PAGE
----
Reading Lesson Plan: Rhyming Word Poems
Students love to use the wooden pointer stick to “find” the rhyming words on overheads. Later, they use highlighters to highlight the rhyming words in their own poem book, coloring each pair in a different color. **Encourage students to write additional lines for the poem.
- Learn about rhyming words.
- Practise finding rhyming words.
- transparency of rhyming poem. If you can’t find one, see below: rhyming poem
- overhead machine
- overhead markers, in at least 2 colours
- wooden pointer stick
- copies of poem for each student (shrink a copy of the poem to 50%, put 4 on an 8 1/2″ X 11″ page, then copy 6 or 7 pages, so you have enough poems for each student…saves on photocopy numbers. Save the 8 1/2″ X 11″ page with the 4 poems on it, in a poem folder along with the full-size transparency, for next year’s class.)
- highlighters for each student (we use these for reading, for identifying special words, and for math, for showing number patterns on calendars and Hundreds Charts…)
- white glue (for all students to use to glue poem in their own poem books)
- pencils for all students
- Introduce the new poem and hand one out to everyone. Have someone read the title aloud. Talk about the title and what it MIGHT be about. Do NOT tell them what it is about. (They’ll figure it out in a few minutes.)
- Have them glue their copy of the poem in their poem books and put inside their desks OPEN to let the white glue dry.
- Put the overhead transparency on the overhead. Turn off the lights. Read the poem with students, so they become familiar with it. Either follow along with your finger on the overhead or with the pointer on the screen, to keep the pace slower for everyone, and to keep the class reading together, so some students don’t race ahead. Encourage students to interrupt by raising their hands if there is a word or something they don’t understand. (You will be reading the poem many times. The first time is to clarify all the words.) After you are finished reading, ask the students to tell you what the poem is about. If they cannot, or if they show that they do not understand it, read it together again, with no interruptions.
- Ask students if they know what rhyming words are (check prior knowledge). Show them two types of rhyming words, two words that are spelled the same (like boy and toy) and two words that are spelled differently (like more and pour), circling them on the overhead transparency.
- Begin reading the poem together, again, asking students to raise their hands when they hear two rhyming words.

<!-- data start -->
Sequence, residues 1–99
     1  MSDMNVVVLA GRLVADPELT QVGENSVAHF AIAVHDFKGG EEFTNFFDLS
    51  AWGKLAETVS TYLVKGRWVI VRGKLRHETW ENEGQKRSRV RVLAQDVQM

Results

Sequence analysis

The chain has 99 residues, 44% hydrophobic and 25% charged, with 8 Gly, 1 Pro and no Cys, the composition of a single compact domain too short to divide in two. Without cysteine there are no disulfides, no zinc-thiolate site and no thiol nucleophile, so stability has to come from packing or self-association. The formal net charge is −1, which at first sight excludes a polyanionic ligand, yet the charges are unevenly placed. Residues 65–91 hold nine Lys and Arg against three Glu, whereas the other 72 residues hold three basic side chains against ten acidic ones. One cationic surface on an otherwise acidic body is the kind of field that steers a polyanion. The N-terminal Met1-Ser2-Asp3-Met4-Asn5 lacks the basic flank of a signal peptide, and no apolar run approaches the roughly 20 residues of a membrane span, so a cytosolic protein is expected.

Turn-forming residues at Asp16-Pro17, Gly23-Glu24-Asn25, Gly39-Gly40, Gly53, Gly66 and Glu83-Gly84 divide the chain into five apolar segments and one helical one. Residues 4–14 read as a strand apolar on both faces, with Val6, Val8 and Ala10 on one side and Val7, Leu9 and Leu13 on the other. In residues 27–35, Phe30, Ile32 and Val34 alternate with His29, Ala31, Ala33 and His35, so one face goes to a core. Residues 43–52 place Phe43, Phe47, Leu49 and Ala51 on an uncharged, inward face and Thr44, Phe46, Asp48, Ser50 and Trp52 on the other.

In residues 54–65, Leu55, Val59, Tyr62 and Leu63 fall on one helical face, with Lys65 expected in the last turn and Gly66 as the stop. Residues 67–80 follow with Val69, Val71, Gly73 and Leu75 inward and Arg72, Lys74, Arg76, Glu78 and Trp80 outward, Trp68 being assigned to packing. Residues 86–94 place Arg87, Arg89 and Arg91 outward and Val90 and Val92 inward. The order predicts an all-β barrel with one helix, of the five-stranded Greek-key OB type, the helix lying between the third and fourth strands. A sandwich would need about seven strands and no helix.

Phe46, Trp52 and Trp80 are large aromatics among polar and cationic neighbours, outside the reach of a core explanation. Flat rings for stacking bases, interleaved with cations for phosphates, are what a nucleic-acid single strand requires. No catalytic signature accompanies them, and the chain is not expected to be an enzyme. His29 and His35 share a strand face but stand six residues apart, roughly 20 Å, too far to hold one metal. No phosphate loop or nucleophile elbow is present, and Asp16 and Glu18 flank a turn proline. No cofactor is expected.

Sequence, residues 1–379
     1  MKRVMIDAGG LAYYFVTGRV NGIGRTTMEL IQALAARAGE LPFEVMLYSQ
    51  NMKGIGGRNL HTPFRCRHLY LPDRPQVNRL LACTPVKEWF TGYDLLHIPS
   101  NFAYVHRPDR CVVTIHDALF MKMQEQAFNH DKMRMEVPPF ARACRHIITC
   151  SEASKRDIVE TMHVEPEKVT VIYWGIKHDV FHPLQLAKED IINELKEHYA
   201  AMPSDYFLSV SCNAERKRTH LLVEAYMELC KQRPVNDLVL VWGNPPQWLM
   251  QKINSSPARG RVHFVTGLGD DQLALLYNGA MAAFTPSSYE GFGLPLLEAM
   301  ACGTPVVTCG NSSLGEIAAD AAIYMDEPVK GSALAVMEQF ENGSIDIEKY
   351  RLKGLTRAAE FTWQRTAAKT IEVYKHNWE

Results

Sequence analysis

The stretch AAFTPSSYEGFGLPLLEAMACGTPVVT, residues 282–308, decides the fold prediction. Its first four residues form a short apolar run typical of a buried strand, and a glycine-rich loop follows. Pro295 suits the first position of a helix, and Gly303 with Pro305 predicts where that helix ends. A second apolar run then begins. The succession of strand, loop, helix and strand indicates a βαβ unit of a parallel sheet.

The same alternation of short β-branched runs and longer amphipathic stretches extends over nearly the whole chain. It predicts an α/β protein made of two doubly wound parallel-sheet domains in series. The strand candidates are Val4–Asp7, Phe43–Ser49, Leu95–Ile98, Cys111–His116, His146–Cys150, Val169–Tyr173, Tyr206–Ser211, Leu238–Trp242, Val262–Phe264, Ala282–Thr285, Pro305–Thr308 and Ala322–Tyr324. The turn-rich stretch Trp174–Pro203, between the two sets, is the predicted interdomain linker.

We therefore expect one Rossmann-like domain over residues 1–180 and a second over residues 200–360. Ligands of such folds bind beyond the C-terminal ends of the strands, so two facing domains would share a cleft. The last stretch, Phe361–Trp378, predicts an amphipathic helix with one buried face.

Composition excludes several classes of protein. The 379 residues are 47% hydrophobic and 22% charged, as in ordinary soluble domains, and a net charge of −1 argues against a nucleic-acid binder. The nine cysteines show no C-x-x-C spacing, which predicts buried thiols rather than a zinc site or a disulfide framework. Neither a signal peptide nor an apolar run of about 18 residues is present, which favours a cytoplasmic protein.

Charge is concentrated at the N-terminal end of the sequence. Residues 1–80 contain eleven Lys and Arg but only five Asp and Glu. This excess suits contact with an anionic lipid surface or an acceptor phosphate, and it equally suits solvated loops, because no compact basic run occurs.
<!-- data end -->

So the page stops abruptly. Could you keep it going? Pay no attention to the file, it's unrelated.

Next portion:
- Choose a student each time you’ve read a pair of rhyming words and hands go up, getting them to point and read the two rhyming words, (give them the wooden pointer) while you circle each word with the overhead markers on the transparency. (You may want to circle rhyming pairs whose endings are spelled differently with a blue marker and circle rhyming words that end with the same spelling with a red marker. After you finish finding all the rhyming pairs, you can ask students what is different about the pairs in red and the pairs in blue.)
- After the poem is finished, and all rhyming pairs have been found, ask students to take out their poem books, and mark the rhyming words in their new poem with highlighters. Each pair can be done in a different colour, or at least alternating colours, so that it is easy to see the rhyming pairs.
- You may want students to write out the rhyming word pairs, as well. They can print them on the same page as their poem, surrounding the poem with the rhyming word pairs. **Students can also be encouraged to write new rhyming lines for the poem.
Look Around For Trees and Bees and Bats and Cats by Mrs. Z.:
- I look all around and what do I see?
- I see words that rhyme like tree and bee.
What’s that flying in the sky?
It looks like a beautiful butterfly.
- Who has a mouth like a straw to drink?
- Hummingbirds who fly faster than you can blink!
Who sleeps hanging upside down?
Bats who fly around and round.
- Which one would you like to pick?
- The puppy who likes to do that trick.
Who likes to cuddle on your knee?
The cat who likes to climb the tree.
- Around and around in his ball.
- Hamsters are tiny, so very small.
Look around and you will see,
Many rhyming words like he and she.